"Our observation strengthens our earlier study in which MERS-CoV neutralising antibodies were found in dromedary camels in Oman where human cases have been reported as well," the researchers write. "Until the virus that elicits these antibodies in camels is detected, sequenced and compared to the viruses sequenced from human patients, it remains unclear whether this livestock species is indeed infected with MERS-CoV and thus represents an immediate source for human infection.

"However, our observations should be used to focus virological and serological studies in livestock, especially dromedary camels and sheep, and including humans handling these animals and their products."

Saudi findings

In the Saudi study, researchers collected serum samples from 310 dromedary camels, 100 sheep, 45 goats, 50 cattle, and 240 chickens. The livestock were in Riyadh, Al Ahsa, and other areas of the country where human MERS cases have occurred.

Using a MERS-CoV pseudoparticle neutralization test, the authors found that 280 of 310 camels (90%) were seropositive, whereas all the other animals tested negative. The camel results differed by age: 47 of 65 (72%) of camels under 1 year old tested positive, compared with 233 of 245 (95%) of older camels.

The researchers did further tests on 56 camel samples in an effort to rule out positive results that represented cross-reactions to BCoV. They found that 19 of these had at least fourfold higher MERS-CoV microneutralization titers than BCoV microneutralization titers, indicating that these were "MERS-CoV specific" results. Others of the 56 samples were classified as indeterminate or BCoV-specific.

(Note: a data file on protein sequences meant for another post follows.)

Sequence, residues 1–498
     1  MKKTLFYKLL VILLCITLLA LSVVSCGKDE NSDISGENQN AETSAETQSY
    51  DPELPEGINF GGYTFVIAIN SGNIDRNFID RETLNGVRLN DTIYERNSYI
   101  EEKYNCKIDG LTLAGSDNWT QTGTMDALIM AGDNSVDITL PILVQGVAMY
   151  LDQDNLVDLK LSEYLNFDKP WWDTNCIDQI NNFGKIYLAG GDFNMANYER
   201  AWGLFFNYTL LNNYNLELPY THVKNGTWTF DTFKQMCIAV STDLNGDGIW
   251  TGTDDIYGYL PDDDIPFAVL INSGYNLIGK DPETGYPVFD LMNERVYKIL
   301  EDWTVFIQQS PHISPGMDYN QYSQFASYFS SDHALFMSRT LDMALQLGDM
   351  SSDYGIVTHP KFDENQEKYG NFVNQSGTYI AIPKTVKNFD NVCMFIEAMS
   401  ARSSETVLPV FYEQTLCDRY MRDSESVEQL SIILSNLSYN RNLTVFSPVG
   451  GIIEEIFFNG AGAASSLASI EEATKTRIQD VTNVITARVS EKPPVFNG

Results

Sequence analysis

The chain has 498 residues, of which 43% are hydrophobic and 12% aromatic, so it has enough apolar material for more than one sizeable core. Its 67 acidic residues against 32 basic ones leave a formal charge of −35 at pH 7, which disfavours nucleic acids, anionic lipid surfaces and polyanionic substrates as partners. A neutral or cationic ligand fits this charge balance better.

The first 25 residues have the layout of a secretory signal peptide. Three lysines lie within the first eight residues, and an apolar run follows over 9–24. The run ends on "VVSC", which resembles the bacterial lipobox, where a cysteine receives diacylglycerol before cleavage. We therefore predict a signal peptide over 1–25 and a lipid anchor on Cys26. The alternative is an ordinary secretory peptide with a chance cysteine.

The authors say the MERS-CoV-specific findings confirm that some camels are being infected by a virus different from BCoV and possibly identical or closely related to MERS-CoV. "If we consider just the 'MERS-CoV' specific reactions, we observe that these animals are getting infected within the first year of life," they add.

They say further that the identity of the MERS-CoV–like virus suggested by the serologic findings can be established only by characterizing an actual isolate from the animals.

"Studies involving follow-up of herds of camels from time of calving though the first year of life with serial blood samples together with oral and rectal or fresh faecal swabs would better define the ecology of the MERS-CoV-like virus infecting these animals and provide virus for genetic characterization," the report states.

"Such studies are a priority to determine whether dromedary camels are in fact a source of human MERS-CoV infection or whether they are being infected by a ubiquitous novel coronavirus closely related to MERS-CoV."

Reusken CB, Ababneh M, Raj VS, et al. Middle East respiratory syndrome coronavirus (MERS-CoV) serology in major livestock species in an affected region in Jordan, June to September 2013. Eurosurveill 2013 Dec 12;50 (18): pii=20662 [Full text]

Hemida MG, Perera RA, Wang P, et al. Middle East respiratory syndrome (MERS) coronavirus seroprevalence in domestic livestock in Saudi Arabia, 2010 to 2013. Eurosurveill 2013 Dec 12;50(18):pii=20659 [Full text]

See also:

Dec 2 CIDRAP News story on Qatar camel findings